An Indian cricket team has demoralised their opponents by batting out nearly 16 hours to draw a five-day match on a dead wicket.
Bengal met reigning Ranji Trophy champions Gujarat in the quarter-final stage of the competition over the weekend.
Sent in to bat by Gujarat, Bengal batted through to day two before being dismissed for 354 behind Abhimanyu Easwaran's 124 and Anustup Majumdar's 94.
Their position improved markedly on the second day -- Bengal had Gujarat 6-180 at stumps, and a first-innings lead would give them a crucial leg-up in the case of a draw.
And so it proved.
Bengal got to work after Gujarat added just 44 runs for their final four wickets early on day three.
Having taken just one wicket and watched their opponents build a lead of 307 at stumps, Gujarat coach Vijay Patel was clearly downcast.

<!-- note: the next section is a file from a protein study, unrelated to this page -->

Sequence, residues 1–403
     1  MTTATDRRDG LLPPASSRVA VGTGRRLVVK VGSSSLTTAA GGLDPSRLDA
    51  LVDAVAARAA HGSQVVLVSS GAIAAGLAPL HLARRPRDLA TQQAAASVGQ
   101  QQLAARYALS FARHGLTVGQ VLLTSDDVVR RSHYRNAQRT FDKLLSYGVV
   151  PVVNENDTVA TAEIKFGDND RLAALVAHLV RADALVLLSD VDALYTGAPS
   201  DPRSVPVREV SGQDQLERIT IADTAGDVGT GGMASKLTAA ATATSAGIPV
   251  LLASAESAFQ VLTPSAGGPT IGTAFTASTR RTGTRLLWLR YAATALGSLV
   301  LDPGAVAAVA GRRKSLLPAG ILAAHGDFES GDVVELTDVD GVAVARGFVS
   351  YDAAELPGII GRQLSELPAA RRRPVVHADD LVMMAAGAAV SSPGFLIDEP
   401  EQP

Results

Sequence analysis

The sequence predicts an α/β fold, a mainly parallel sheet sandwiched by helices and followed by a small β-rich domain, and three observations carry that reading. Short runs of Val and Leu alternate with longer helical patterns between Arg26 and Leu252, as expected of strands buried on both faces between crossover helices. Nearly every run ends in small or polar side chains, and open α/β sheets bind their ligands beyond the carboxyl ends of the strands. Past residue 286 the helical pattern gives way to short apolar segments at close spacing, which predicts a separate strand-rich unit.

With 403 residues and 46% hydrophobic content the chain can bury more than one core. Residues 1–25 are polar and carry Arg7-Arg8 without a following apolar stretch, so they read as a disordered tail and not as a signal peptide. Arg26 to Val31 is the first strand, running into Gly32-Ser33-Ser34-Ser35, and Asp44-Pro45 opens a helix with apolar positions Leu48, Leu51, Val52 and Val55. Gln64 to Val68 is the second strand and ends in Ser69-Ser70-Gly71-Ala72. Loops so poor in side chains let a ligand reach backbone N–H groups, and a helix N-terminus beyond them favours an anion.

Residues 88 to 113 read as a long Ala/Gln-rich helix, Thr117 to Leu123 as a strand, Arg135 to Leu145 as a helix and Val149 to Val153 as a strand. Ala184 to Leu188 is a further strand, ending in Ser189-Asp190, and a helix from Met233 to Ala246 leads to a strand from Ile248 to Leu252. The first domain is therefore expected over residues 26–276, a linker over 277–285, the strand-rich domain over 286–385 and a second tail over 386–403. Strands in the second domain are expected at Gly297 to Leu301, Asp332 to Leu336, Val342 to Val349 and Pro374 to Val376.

"Somewhere we already knew," he said, via the Ahmedabad Mirror.
"There is nothing much for the bowlers in the wicket. This is a simple dead wicket, a batting paradise which beats even the one at Rajkot.
"But we thought maybe few wickets in the first two sessions could help us back in the game."
With the pitch doing nothing and a semi-final berth booked, Bengal went on for two more days to rest their bowling attack before the next match.
Easwaran made 114 runs, his dual centuries earning him man of the match honours, while Writtick Chatterjee feasted for 216 runs in a whopping 536-minute innings.
Skipper Manoj Tiwary lasted 218 minutes for his 59 runs, scoring at a strike rate of just 33.33, and Majumdar improved on his first-innings 94 with an unbeaten 132 in 250 minutes before the close of play.
Gujarat were so concerned with overworking their bowlers -- even in the last red-ball match of the season -- that right-arm offspinner Rujul Bhatt sent down 70 overs, 66 more than he did in the first innings.